It is also important to bear in mind that any legal action taken against an employee will usually be after the event, once any financial loss has already been suffered. In theory, an employer could apply to the court for injunctive relief, to force an employee to work out their notice. However, unless an employee is in a senior or key role, this would not be a cost-effective way of addressing the problem and the courts are usually reluctant to force an employee to work out their notice period in any event. Forcing someone to work against their express wishes is also likely to be counter-productive where, at best, they may be distracted, at worst, they may deliberately attempt to sabotage the business in some way.
Negotiating out of the notice period
When it comes to employees not working notice periods, entering into negotiations can often be the most effective tool at the employer’s disposal, with any alleged breach of contract acting as leverage to persuade an employee to consider a compromise.
In most cases, seeking to persuade an employee to work at least part of their notice period, and finding some middle ground with that person, will be in the best interests of both parties. In this way, the employer will be avoiding any significant loss resulting from the employee leaving with immediate effect. Equally, the employee will be avoiding the threat of court proceedings, with all of the litigation and costs risks that can flow from this.
However, if agreement can be reached between an employer and employee, it is important that this be clearly recorded in writing and signed by both parties. In this way, the employer can avoid any allegations of unpaid wages for the totality of the notice period, whilst the employee can avoid the threat of legal proceedings for alleged breach of contract.
How can the risk of not working notice periods be minimised?
There are various ways in which an employer can help to minimise the risk of employees not working notice periods, where much will be down to carefully worded employment contracts, comprehensive onboarding procedures and, where needed, compromise.
The employment contract
From the outset of the employment cycle, it is important to ensure that any contractual notice provisions are tailored to the nature and significance of the job role, as well as the level of seniority of an employee. In most cases, for employees in relatively junior or easily replaceable roles, any notice period should not be too onerous, certainly no more than one to three months maximum. If the notice period is too long, the risk of incidence of employees not working notice periods is likely to increase. In contrast, the more senior or skilled an employee, the longer the notice period, in some cases as much as three to six months, although care should still be taken not to make notice periods too long, so as not to deter top talent from wanting to work for the business in the first place.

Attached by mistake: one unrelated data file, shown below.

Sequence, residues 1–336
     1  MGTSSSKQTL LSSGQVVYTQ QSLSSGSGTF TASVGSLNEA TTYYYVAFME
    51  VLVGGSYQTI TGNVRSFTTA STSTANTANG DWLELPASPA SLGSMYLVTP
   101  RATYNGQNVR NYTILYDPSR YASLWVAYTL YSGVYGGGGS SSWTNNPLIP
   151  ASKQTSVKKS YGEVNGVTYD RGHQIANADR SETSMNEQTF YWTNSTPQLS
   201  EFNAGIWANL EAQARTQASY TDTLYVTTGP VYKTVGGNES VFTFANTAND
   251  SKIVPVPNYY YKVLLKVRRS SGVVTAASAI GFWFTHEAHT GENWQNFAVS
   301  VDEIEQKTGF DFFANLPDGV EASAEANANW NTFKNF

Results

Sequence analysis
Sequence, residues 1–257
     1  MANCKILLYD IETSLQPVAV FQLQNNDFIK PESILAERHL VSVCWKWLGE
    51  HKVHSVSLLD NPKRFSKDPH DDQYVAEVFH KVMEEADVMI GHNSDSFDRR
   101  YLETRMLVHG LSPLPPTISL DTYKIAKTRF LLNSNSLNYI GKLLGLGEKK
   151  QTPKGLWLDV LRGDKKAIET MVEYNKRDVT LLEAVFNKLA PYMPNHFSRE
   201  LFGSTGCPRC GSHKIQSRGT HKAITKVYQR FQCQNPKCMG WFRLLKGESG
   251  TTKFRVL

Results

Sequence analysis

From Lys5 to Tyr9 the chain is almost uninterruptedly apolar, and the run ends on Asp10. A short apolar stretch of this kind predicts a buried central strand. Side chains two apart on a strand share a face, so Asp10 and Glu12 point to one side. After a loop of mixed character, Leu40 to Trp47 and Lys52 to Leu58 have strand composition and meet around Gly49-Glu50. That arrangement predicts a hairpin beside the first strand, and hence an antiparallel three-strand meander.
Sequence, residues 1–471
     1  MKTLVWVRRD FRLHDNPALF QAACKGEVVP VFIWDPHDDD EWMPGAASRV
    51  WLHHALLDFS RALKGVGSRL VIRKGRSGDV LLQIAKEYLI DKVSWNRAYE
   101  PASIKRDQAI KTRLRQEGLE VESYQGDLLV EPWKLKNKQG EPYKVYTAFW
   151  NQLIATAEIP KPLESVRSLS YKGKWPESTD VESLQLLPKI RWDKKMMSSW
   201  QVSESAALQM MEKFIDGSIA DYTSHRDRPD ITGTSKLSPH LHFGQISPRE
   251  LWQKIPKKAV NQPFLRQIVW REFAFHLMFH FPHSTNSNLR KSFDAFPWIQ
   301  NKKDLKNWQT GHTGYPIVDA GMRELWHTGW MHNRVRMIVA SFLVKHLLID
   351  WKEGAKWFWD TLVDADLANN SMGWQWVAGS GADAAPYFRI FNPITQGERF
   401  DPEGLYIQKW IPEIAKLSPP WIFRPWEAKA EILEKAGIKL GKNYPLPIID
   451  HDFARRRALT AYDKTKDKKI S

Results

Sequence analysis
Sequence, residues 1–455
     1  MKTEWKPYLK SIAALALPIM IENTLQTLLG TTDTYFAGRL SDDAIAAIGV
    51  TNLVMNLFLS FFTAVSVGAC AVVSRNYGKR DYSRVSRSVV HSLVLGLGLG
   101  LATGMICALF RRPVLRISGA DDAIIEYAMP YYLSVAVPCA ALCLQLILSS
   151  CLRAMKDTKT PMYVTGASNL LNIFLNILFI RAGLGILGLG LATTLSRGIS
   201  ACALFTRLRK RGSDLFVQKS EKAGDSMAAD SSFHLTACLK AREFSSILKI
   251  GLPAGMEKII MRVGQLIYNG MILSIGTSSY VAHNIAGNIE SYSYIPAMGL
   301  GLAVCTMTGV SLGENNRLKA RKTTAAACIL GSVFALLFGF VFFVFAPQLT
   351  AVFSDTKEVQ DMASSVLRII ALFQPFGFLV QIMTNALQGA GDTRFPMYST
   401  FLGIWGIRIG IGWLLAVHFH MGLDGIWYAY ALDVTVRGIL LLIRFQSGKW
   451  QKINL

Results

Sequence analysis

It is also possible for the employer to include a contractual provision that will deter an employee from leaving without notice, such as the right to withhold any final payments. This can be a little tricky to get right, as any such clause must reflect a true estimate of the employer’s financial loss, such as to cover the cost to hire a temporary replacement, and is not a clause purely designed to penalise the employee. By getting this wrong, the employer may find themselves defending a claim for unlawful deduction from wages.
However, perhaps the most important thing when it comes to contractual notice provisions, is to ensure that these are clearly worded and easy for the employee to understand, where hard-to-read contracts will only cause confusion. The contract should also make clear that any employee who chooses not to work their notice will not be paid for that period.
The onboarding process
At the point at which employees are asked to sign their contract of employment, it can be a useful exercise to create an additional document highlighting the required notice period for the employee in question, and asking that individual to acknowledge their obligations when it comes to notice on resignation. In this way, attention can be specifically drawn to the employee’s contractual obligations if they choose to leave, reinforcing the need for them to meet these obligations and understand the potential consequences of failing to do so.
However, this onboarding exercise is not about implicit threats of legal action for breach of contract, although it is important to remind an employee that an employment contract is legally enforceable. Instead, it is more about explaining how meeting notice periods is often an operational necessity, rather than a punishment, whilst also letting the employee know that, in exceptional circumstances, that period may be waived at the employer’s discretion.
This way, an employee is more likely to approach the employer about any resignation dilemma, for example, if they have found a new job with a short start date, where some middle ground may be found to keep everyone happy. By offering some level of understanding, employees are less likely to just up and leave, but rather address the matter with their employer in a more mutually respectful and rational way.
The ability to compromise
Even if an onboarding agreement is signed around notice periods, it is important for employers to remain open to the possibility that when an employee resigns, they may need some level of compromise. If this is the case, it is important to be open to negotiating some form of agreement, where some or all of their notice period is waived.
By asking the employee to explain their reasons for wanting to leave immediately, or to not work their notice period in full, rather than threatening legal proceedings, this can often provide a solid basis upon which agreement can be reached on acceptable terms. The promise of a good reference can also go a long way to persuading an employee to agree.
DavidsonMorris are UK employment law specialists. We work with employers to provide guidance across aspects of workforce management and dispute resolution, including advice on notice periods, contract terminations and exits. Through our fixed-fee employment law service, Triple A, you can access unlimited employment law advice from a dedicated lawyer to support legal risk management and best practice. Contact us for more information.
Employee not working notice period FAQs
What happens if I don't work my notice period?
If an employee doesn’t work their notice period as required under their employment contract, the employer may be able to claim damages through the courts for breach of contract, for example, for the cost of any emergency temporary cover.
Do you legally have to work a notice period?
By law, having signed an employment contract requiring you to work a certain notice period on resignation, you are legally required to do so. However, absent any written term, the statutory notice period is usually just one week.
Last updated: 11 November 2022